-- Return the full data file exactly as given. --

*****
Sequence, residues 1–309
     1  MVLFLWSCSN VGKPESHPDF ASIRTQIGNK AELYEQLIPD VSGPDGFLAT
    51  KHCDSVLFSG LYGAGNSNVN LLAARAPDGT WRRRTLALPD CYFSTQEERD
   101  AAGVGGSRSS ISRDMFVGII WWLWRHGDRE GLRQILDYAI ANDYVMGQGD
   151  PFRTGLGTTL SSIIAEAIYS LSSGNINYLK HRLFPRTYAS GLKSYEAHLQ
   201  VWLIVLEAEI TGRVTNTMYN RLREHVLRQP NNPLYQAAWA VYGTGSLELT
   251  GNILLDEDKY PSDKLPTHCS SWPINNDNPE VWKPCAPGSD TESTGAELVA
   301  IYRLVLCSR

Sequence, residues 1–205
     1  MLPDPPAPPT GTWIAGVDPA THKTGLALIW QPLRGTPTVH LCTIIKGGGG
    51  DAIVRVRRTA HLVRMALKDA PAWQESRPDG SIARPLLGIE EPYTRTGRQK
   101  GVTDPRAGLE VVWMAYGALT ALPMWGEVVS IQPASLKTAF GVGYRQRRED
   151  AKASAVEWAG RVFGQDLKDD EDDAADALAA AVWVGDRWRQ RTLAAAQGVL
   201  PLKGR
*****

Sequence, residues 1–309
     1  MVLFLWSCSN VGKPESHPDF ASIRTQIGNK AELYEQLIPD VSGPDGFLAT
    51  KHCDSVLFSG LYGAGNSNVN LLAARAPDGT WRRRTLALPD CYFSTQEERD
   101  AAGVGGSRSS ISRDMFVGII WWLWRHGDRE GLRQILDYAI ANDYVMGQGD
   151  PFRTGLGTTL SSIIAEAIYS LSSGNINYLK HRLFPRTYAS GLKSYEAHLQ
   201  VWLIVLEAEI TGRVTNTMYN RLREHVLRQP NNPLYQAAWA VYGTGSLELT
   251  GNILLDEDKY PSDKLPTHCS SWPINNDNPE VWKPCAPGSD TESTGAELVA
   301  IYRLVLCSR

Sequence, residues 1–205
     1  MLPDPPAPPT GTWIAGVDPA THKTGLALIW QPLRGTPTVH LCTIIKGGGG
    51  DAIVRVRRTA HLVRMALKDA PAWQESRPDG SIARPLLGIE EPYTRTGRQK
   101  GVTDPRAGLE VVWMAYGALT ALPMWGEVVS IQPASLKTAF GVGYRQRRED
   151  AKASAVEWAG RVFGQDLKDD EDDAADALAA AVWVGDRWRQ RTLAAAQGVL
   201  PLKGR